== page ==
Two tech trends
The actual technologies that will emerge in 2030 may not be apparent today, but the technology trends that will drive them are here, two in particular:
First, technology’s benefits will be increasingly available at lower cost points. For example, artificial intelligence (AI) which today we see as the province of players such as IBM’s Watson, Google or Amazon, will be much more accessible to smaller financial institutions.
This is great news for smaller financial institutions.
The second major trend is that technology will increasingly empower the individual in easy and instantaneous ways.
The evolution of the mobile phone to supplant cameras is virtually complete. How many people today purchase any camera other than those at the very high-end?
And in the not too distant future the mobile device will become the all-encompassing digital assistant that Siri portends, managing a wide variety of consumer needs on behalf of the consumer.
So, what will this mean in practice? First, virtually all transactions will happen in real time. Second, passwords will be passé, to be replaced by much more secure means of identification.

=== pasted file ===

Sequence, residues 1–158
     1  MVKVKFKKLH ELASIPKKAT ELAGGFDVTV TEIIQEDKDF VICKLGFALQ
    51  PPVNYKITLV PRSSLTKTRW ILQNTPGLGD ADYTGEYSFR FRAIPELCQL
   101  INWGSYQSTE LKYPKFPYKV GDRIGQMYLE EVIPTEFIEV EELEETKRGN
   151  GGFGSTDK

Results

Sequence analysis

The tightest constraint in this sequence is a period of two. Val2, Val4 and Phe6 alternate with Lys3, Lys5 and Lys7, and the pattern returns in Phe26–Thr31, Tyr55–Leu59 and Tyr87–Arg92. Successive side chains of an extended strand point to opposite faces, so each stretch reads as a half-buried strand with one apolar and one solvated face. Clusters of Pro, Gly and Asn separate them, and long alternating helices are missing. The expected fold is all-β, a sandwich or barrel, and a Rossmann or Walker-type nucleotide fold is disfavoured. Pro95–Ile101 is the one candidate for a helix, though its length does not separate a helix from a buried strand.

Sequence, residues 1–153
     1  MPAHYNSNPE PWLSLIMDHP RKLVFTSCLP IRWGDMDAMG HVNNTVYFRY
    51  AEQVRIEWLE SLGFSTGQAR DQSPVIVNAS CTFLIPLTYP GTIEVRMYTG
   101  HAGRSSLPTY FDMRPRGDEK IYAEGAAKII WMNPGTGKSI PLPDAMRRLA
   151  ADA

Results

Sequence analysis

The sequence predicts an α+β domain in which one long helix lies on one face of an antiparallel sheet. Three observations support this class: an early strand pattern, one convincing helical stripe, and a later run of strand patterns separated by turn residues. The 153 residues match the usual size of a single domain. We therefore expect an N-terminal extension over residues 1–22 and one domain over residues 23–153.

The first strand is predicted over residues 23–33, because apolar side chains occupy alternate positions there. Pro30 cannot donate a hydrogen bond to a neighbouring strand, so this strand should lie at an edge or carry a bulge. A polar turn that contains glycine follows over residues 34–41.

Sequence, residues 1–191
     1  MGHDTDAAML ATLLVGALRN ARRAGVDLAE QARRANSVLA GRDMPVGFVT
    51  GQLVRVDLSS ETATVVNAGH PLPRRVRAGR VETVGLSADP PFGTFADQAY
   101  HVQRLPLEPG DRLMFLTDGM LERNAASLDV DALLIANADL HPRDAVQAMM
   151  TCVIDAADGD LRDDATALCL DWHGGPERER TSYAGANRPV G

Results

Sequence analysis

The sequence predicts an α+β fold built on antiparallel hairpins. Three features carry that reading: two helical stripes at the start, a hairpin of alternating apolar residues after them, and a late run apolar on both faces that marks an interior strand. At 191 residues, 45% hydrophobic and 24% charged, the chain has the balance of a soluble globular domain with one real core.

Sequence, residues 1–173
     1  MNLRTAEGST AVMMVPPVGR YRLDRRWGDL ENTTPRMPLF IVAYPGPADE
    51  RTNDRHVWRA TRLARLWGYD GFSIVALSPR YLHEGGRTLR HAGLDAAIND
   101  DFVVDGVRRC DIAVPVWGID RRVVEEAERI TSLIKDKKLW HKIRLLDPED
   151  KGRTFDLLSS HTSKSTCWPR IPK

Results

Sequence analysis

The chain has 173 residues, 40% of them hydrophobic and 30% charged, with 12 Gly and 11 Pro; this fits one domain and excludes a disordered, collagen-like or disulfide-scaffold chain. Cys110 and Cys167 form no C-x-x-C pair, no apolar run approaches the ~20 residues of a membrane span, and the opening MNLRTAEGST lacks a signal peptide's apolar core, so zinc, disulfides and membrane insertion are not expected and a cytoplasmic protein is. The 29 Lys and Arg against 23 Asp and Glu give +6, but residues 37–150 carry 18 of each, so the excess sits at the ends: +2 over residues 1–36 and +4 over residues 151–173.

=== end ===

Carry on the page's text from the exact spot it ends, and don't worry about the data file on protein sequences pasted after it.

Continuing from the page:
Third, the use of intelligent digital assistants will be widespread, most notably via the device we today call the phone.
Part of this will stem from the extension of AI into everyday life. The consumer will have at his or her fingertips tools that can help them be more successful financially.
Credit union differentiation will lie in the trust and feeling of partnership that an individual institution is able to engender among members and small businesses.
Fintechs as partners
One last thought regarding emerging fintechs. Today, credit unions worry about how to compete with them. In 2030 the discussion will be different.
As much as institutions may fear the rise of these companies, emerging fintechs lack the brand and trust credit unions have built with members.
With a few notable exceptions, fintechs are more likely to be credit union partners in 2030 rather than competitors, as they’ve identified ways to reduce the cost curve that can benefit both parties.
In fact, plan to outsource a lot more of what you do today to firms that can do things more cost effectively, allowing you to focus on building and maintaining your relationship with your members.
BILL HANDEL is vice president of research for Raddon.